Verse > Anthologies > The World’s Best Poetry > Vol. IV. The Higher Life
Bliss Carman, et al., eds.  The World’s Best Poetry.
Volume IV. The Higher Life.  1904.
IV. Sabbath: Worship: Creed
The Poor Man’s Day
James Grahame (1765–1811)
From “The Sabbath”

HOW still the morning of the hallowed day!
Mute is the voice of rural labor, hushed
The ploughboy’s whistle and the milkmaid’s song.
The scythe lies glittering in the dewy wreath
Of tedded grass, mingled with faded flowers,        5
That yestermorn bloomed waving in the breeze;
Sounds the most faint attract the ear,—the hum
Of early bee, the trickling of the dew,
The distant bleating, midway up the hill.
Calmness sits throned on yon unmoving cloud.        10
To him who wanders o’er the upland leas
The blackbird’s note comes mellower from the dale;
And sweeter from the sky the gladsome lark
Warbles his heaven-tuned song; the lulling brook
Murmurs more gently down the deep-worn glen;        15
While from yon lowly roof, whose circling smoke
O’ermounts the mist, is heard at intervals
The voice of psalms, the simple song of praise.
With dovelike wings Peace o’er yon village broods;
The dizzying mill-wheel rests; the anvil’s din        20
Hath ceased; all, all around is quietness.
Less fearful on this day, the limping hare
Stops, and looks back, and stops, and looks on man,
Her deadliest foe. The toil-worn horse, set free,
Unheedful of the pasture, roams at large;        25
And as his stiff, unwieldy bulk he rolls,
His iron-armed hoofs gleam in the morning ray.
  But chiefly man the day of rest enjoys.
Hail, Sabbath! thee I hail, the poor man’s day.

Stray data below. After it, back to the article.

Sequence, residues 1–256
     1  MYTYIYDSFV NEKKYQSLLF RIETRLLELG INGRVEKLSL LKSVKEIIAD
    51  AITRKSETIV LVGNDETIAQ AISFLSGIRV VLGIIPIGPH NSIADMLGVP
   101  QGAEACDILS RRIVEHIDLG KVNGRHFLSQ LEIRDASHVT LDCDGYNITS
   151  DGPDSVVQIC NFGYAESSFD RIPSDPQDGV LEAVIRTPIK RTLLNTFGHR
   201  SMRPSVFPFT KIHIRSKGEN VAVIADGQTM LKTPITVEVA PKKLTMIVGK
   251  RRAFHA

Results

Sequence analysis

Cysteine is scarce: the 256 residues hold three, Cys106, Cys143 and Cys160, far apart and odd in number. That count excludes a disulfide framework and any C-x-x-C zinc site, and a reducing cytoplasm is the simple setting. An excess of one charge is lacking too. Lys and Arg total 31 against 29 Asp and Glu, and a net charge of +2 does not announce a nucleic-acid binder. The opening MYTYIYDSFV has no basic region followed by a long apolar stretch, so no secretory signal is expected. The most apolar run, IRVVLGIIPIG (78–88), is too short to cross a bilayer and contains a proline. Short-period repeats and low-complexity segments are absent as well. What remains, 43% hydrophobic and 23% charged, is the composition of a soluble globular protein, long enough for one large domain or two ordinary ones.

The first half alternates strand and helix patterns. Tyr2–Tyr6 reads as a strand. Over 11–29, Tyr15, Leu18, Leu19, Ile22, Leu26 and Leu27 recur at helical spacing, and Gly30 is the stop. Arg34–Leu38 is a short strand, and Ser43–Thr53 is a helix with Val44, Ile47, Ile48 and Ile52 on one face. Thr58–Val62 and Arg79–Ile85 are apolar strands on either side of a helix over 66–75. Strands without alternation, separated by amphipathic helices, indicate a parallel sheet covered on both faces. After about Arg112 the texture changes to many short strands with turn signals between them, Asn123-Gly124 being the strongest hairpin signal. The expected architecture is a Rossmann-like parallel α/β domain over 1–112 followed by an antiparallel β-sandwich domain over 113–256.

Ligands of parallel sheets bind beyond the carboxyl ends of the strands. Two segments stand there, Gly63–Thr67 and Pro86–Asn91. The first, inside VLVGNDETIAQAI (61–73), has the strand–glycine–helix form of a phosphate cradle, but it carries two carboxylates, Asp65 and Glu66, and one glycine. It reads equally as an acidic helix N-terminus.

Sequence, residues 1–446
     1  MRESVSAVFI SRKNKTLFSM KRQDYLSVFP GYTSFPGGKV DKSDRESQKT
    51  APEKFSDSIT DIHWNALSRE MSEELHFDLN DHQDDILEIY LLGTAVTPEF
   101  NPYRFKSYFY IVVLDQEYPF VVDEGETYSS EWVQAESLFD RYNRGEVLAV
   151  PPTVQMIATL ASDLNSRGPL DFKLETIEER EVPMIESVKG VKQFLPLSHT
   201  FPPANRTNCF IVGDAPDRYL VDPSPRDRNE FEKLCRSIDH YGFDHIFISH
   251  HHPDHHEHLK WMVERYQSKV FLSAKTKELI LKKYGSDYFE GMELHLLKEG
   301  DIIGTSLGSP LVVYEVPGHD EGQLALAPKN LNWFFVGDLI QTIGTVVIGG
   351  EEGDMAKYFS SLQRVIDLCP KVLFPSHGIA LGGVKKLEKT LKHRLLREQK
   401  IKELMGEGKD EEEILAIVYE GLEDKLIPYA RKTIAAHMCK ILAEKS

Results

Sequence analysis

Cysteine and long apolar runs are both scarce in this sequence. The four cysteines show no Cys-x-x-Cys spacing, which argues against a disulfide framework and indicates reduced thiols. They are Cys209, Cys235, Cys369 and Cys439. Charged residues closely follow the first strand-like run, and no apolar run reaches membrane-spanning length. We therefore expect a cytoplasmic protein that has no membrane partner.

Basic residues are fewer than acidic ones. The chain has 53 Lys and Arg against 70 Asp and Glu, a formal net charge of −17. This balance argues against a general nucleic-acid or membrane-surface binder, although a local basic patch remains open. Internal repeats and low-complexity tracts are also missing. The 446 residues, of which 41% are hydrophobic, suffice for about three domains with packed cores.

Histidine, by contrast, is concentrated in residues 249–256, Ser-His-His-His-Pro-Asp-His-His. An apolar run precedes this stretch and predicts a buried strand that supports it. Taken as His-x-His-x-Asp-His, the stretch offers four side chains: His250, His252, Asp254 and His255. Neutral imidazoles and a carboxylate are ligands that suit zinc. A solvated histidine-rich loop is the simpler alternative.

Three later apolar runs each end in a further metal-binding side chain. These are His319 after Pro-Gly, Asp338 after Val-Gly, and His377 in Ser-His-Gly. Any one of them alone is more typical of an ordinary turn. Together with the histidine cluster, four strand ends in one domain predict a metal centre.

On other days the man of toil is doomed        30
To eat his joyless bread, lonely; the ground
Both seat and board; screened from the winter’s cold
And summer’s heat by neighboring hedge or tree;
But on this day, imbosomed in his home,
He shares the frugal meal with those he loves;        35
With those he loves he shares the heartfelt joy
Of giving thanks to God—not thanks of form,
A word and a grimace, but reverently,
With covered face and upward earnest eye.
  Hail, Sabbath! thee I hail, the poor man’s day.        40
The pale mechanic now has leave to breathe
The morning air, pure from the city’s smoke;
While, wandering slowly up the river-side,
He meditates on Him, whose power he marks
In each green tree that proudly spreads the bough        45
As in the tiny dew-bent flowers that bloom
Around its roots; and while he thus surveys,
With elevated joy, each rural charm,
He hopes, yet fears presumption in the hope,
That heaven may be one Sabbath without end.        50

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